As SEO continues to grow as a viable and affordable marketing method for many small- and medium-sized businesses, there have been numerous SEO companies and individuals that have started to trot out SEO certifications to enhance the “validity” of their online authenticity and work. Now, this isn’t necessarily a negative practice or a scam, but the general public should understand that there isn’t an authoritative or industry recognized certification for SEO.
I would caution against any SEO service that claims that their SEO certificate is the way to prove legitimacy and trust within the industry or as a way to accurately distinguish their company’s genuineness from the competition. There are so many certifications available from different sources—with varying degrees of difficulty—and there currently isn’t an established or objective way to substantiate who’s genuinely an SEO professional or expert with a certification.
What is Certified?
Let’s think about it. A certification is generally issued by a recognized institution (professional body) “to safeguard the public interest” and “is a designation earned by a person to assure qualification to perform a job or task.” So where are these SEO companies receiving their certification from? As far as I know, search engines aren’t offering certification courses, nor are they affiliated with any SEO companies (as that would skew and/or manipulate search engine results).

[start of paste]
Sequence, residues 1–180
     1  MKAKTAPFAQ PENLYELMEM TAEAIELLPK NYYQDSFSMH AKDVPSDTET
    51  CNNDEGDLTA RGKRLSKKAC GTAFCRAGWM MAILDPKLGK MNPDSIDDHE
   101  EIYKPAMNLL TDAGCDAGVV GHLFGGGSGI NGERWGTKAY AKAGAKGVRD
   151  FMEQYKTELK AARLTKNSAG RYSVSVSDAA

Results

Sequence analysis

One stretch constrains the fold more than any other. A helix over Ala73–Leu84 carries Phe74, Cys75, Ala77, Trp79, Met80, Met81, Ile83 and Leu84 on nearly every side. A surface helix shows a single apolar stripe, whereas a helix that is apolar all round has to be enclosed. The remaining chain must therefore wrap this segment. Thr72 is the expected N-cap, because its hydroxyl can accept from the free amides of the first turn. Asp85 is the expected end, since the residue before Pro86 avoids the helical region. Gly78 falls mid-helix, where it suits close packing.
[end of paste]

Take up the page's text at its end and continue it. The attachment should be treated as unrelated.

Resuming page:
To offer certification for something, there has to be an established industry standard—a right or wrong way to perform. Although SEO has best practices—with these practices coming from various SEO communities and companies, as well as webmaster guidelines from Google—there isn’t a 100% right or wrong answer to every SEO practice. Likewise, each of the SEO certifications is coming from third-party entities…and where are they getting their authority from?
Now, I’m not saying that SEO certifications are evil, but if, as a consumer, you’re convinced that a certain SEO company is more qualified than another based on a certification, then I believe that the certification is deceiving.
Examples of Certification
Google offers an AdWords Certification Program for those who want to “demonstrate…proficiency in AdWords” and is “a globally recognized stamp of approval.” This is a legitimate certification from the actual authority of AdWords: Google. Likewise, Google offers a Google Analytics Certified Partner program. Both of these programs require certain requirements and various tests set by Google, and there is only one legitimate entity that can issue a certification: Google. Obviously, you can see the difference between these certifications coming from Google and the many SEO certifications coming from various, non-authoritative websites.
Can obtaining SEO certifications be beneficial? Perhaps. I’m sure that you have to know something about SEO to pass them. However, they are definitely not validated from any search engines or SEO governing bodies and shouldn’t be used to differentiate who is good at SEO and who is not.
You Be the Judge